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American Ebola patient arrives in the US, a reminder that this epidemic is not over

The NIH Clinical Center in Maryland
The NIH Clinical Center in Maryland
NIH

Here's a reminder that the Ebola epidemic isn't over yet: another American health-care worker who contracted the virus while volunteering in Sierra Leone was just flown home for treatment.

The patient — who has not been named — arrived in the US by a private-charter medevac, getting to the NIH Clinical Center in Maryland after 4 am Friday. The patient will be the second to be treated for Ebola in the hospital's high-level isolation facility.

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"NIH is taking every precaution to ensure the safety of our patients, NIH staff, and the public," read a statement from the hospital.

The other health worker to be treated at NIH was Nina Pham, a Dallas nurse who contracted Ebola while treating America's "patient zero," Thomas Eric Duncan, a Liberian who came down with Ebola while visiting family in Dallas.

Ebola's death toll tops 10,000

According to the latest World Health Organization data, more than 24,000 people have been infected with Ebola during this epidemic, which started in Guinea last year. More than 10,000 people have died, mostly in the three worst-affected countries, Guinea, Sierra Leone and Liberia.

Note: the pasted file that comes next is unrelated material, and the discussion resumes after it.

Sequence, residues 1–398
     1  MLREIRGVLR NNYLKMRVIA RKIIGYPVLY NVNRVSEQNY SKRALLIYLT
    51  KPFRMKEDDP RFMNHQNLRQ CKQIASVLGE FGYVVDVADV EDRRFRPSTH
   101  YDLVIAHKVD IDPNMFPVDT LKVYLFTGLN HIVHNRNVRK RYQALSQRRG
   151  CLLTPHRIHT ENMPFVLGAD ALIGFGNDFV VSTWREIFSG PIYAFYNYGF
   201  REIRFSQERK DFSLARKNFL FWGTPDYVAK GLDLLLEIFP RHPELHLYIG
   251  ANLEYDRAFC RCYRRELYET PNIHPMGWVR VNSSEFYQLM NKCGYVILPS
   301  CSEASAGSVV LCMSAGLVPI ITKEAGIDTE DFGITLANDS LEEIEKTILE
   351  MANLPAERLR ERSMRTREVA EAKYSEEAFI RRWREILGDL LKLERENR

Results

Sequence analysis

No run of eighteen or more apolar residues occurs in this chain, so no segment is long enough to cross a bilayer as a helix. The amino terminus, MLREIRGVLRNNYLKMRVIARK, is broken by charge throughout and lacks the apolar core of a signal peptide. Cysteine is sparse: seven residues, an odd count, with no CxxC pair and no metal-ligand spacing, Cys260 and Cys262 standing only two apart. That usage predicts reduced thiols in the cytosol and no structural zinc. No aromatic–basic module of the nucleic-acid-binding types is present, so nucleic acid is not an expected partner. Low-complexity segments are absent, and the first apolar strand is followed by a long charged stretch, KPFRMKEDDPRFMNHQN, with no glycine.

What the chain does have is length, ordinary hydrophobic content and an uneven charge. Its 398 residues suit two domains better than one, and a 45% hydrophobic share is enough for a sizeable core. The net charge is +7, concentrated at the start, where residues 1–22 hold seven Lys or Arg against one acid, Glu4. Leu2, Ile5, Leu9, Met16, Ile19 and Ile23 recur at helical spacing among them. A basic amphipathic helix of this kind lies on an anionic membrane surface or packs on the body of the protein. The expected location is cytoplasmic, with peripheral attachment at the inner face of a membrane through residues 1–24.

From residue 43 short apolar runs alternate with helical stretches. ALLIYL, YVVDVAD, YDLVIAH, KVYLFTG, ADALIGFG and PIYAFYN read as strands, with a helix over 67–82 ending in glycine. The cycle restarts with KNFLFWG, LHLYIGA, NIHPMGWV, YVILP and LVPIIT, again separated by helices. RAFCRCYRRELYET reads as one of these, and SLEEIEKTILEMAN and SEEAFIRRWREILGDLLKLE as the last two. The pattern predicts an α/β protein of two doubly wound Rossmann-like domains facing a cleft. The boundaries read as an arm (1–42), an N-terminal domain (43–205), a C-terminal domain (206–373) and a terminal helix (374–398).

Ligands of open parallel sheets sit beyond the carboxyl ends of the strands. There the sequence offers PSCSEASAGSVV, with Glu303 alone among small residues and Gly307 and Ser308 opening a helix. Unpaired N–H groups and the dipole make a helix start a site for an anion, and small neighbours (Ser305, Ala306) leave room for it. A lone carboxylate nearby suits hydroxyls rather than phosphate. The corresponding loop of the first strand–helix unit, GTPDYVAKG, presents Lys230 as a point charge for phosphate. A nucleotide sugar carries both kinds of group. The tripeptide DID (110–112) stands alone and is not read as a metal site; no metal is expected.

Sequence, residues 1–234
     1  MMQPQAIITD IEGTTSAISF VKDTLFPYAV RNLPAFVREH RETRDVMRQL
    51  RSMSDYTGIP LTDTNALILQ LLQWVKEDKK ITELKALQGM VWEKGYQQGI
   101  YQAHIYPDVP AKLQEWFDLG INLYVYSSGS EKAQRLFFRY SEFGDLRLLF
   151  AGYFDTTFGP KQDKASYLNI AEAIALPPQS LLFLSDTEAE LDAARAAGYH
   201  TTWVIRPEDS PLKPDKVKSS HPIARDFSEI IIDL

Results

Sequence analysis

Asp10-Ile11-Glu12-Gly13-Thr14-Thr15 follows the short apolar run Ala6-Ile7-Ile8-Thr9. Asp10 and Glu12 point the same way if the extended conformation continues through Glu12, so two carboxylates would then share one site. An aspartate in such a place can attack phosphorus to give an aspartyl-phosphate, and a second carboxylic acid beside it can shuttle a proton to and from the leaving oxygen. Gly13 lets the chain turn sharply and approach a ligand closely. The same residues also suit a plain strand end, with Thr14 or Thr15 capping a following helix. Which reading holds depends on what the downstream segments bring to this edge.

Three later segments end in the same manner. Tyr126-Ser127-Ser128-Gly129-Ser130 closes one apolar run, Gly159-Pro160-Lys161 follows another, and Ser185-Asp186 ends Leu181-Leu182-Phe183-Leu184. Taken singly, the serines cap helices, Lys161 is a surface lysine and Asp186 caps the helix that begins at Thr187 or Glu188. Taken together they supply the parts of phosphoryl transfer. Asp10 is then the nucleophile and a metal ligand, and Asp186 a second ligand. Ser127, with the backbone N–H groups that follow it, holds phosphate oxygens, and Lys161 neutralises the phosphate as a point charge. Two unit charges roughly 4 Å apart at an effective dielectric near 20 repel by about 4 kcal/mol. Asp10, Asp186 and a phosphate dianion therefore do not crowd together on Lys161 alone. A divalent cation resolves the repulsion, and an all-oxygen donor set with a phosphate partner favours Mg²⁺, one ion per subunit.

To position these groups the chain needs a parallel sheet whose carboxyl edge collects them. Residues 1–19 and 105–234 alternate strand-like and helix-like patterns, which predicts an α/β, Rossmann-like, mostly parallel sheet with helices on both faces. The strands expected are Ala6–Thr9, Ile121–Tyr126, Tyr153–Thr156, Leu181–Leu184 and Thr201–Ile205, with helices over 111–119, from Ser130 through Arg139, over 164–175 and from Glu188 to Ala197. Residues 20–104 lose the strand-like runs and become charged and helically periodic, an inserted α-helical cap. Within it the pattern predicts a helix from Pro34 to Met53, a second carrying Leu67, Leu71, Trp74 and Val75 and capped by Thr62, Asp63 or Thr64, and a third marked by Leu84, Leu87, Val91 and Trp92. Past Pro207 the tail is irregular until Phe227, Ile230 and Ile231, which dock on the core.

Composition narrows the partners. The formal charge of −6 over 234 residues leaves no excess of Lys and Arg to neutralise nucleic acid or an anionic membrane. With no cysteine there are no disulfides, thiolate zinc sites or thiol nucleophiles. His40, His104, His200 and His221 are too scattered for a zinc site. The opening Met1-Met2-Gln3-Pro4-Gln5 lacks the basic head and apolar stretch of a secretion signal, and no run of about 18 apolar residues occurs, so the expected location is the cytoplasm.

While the number of active cases has dropped drastically in West Africa since last fall, the countries are still struggling to get to zero cases. In particular, Sierra Leone — where the latest American patient was volunteering — has seen a worrying increase in cases recently.

All three countries are also grappling with the after-effects of the epidemic.

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The impact of Ebola-related health-care disruptions on measles risk. (Courtesy of the journal Science)

In a paper in the journal Science yesterday, researchers reported that Guinea, Liberia, and Sierra Leone — the three worst-affected countries — are now on alert for vaccine-preventable diseases, including the highly infectious and deadly virus measles.

The scientists explored West Africa's measles risk because during the Ebola crisis, routine vaccinations essentially ceased: many health facilities shut down, health workers walked off the job, and people didn't seek routine health care even when they could out of fear of catching Ebola.